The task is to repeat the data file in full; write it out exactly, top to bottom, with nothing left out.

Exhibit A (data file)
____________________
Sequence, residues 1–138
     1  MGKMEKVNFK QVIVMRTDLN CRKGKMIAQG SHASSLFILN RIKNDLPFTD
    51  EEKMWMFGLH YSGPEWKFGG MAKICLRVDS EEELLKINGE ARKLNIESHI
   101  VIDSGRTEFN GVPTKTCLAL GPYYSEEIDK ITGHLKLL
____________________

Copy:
Sequence, residues 1–138
     1  MGKMEKVNFK QVIVMRTDLN CRKGKMIAQG SHASSLFILN RIKNDLPFTD
    51  EEKMWMFGLH YSGPEWKFGG MAKICLRVDS EEELLKINGE ARKLNIESHI
   101  VIDSGRTEFN GVPTKTCLAL GPYYSEEIDK ITGHLKLL